What does it feel like for a living child to be grieved? Essentially, to be grieved for another imaginary child who he or she isn’t and will never be — could never be? What child deserves that?

Nicholas has received a lot of therapies, including many alternative approaches, to support him during these 12 years. Have I been trying to make his life better and more navigable — so he can have the friends he wants, for example — or have I been trying to change him, to “cure” him? These are fair questions, and I ask them of myself often enough. I make value choices for him.

At least I hope they’re for him.

Earlier in this school year — Nicholas is in sixth grade — I mostly withdrew from supporting him in his academic work. Even though I was especially able to help him “get” things, it often took a level of hard work and some stress on him to lead him there. I decided it was now more valuable for him to have a loving father who accepted him without condition than a taskmaster father who could teach him to add unlike fractions, divide multi-digit decimal combinations, or learn vocabulary words (some of which are so esoteric I’ve never seen them actually used anywhere). That work would help him do better at school and might make him happier and more accepted there, as well. But the level of value was far less clear than it was when he was learning to read or do basic addition or multiplication.

I wrote at the start that I could get to a perspective of empathy for people who grieve their autistic children or children with other special needs. There have been (and still are) times and areas of my life for which people just couldn’t understand why I couldn’t get over something and move on. Patience with me sometimes has run low. Get over it!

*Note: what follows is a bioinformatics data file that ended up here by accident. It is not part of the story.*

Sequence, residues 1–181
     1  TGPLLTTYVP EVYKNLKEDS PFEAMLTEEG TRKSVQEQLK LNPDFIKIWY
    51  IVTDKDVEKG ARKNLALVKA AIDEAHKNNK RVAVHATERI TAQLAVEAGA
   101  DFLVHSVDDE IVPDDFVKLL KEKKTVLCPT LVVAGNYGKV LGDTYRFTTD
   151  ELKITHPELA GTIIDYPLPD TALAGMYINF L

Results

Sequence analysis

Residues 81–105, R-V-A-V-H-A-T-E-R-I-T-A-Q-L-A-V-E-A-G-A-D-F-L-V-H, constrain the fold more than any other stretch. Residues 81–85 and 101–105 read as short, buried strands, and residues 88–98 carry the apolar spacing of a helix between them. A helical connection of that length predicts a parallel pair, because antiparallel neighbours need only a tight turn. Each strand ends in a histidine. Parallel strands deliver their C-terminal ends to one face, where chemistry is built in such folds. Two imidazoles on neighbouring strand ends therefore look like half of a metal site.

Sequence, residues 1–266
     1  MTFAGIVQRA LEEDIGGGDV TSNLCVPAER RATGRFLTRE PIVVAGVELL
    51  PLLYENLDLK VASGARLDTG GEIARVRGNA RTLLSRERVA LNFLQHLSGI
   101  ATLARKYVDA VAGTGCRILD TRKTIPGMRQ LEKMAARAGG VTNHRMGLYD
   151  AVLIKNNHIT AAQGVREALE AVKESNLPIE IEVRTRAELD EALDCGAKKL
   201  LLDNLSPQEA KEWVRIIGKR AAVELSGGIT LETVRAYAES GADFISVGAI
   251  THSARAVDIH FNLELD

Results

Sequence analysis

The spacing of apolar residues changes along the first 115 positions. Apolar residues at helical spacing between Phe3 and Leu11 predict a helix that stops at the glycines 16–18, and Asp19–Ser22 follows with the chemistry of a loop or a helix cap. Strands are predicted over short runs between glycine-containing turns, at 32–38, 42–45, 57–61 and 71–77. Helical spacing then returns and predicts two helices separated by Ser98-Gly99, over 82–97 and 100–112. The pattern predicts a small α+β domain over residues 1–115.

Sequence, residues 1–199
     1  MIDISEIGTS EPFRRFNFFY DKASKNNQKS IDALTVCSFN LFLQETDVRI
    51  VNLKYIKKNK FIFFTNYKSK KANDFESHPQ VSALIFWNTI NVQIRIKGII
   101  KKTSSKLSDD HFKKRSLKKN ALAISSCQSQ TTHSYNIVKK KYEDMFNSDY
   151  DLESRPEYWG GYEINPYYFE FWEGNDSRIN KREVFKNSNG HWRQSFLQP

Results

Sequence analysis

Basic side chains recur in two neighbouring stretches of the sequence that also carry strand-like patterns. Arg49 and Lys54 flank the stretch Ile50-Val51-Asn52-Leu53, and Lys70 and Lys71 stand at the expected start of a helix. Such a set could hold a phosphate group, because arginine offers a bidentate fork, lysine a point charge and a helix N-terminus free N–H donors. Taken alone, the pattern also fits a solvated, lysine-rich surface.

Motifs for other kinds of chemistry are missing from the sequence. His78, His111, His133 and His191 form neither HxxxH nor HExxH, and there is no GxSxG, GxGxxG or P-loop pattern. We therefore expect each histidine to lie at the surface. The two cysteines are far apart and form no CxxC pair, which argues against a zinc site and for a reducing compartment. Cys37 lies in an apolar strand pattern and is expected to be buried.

It doesn’t feel good. Because maybe you know you probably should get over it. And you just haven’t yet, and you don’t know that you ever will.

So, I understand a message of get over it and celebrate what you have may ring hollow to people stuck in their stories of grief and, sometimes, seriously challenging and trying circumstances.

Ray and Nicholas HemachandraBut at least a part of you is clinging to something that doesn’t exist and never existed and at least a part of you is missing out on what’s real — on the reality of the person you love and who loves you and on the reality of your shared, interdependent lives.

Maybe there are some things you should never get over, that are simply true and stay with you always. But I can’t believe that grieving your child’s lack of normalcy is one of them.

My empathy has to belong first to the children — these bright blessings, these miracles who we love, we cherish, we celebrate, we learn from, and, I hope, we never, ever regret.

[Photo credits to Kristi Pfeffer for the photo atop this post and either Kristi or Sarah Farmer for the photo at the end of the post.]

If you enjoyed this article, please, I ask you to share a link to it on your social media channels to spread the word. Please comment, as well.

I invite you to read other posts I’ve written about autism, special needs, and my son Nicholas, including:

 

4 thoughts on “Autism and Grief

  1. Taking that “mourning an autistic child” thing seriously is deeply dehumanizing to autistics. I mean, sure, feelings happen and trying to squash them is counterproductive, but they’re also shaped by cultural ideas and if you give that idea legitimacy you’re legitimizing the idea that we are not really alive and not really people. And then you end up with horrific stories of abuse, neglect, and murder, not to mention the general binary view of disability that assumes we must be either capable of everything the idealized “normal” person does and need no help whatsoever, or completely helpless and incapable of the slightest act of usefulness.

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  2. Oh my Ray, why haven’t I known about nor read your blog before today?!?!?! I am in tears. Gratitude ones. Awe ones. Thank you for sharing. Now I will read more…. catherine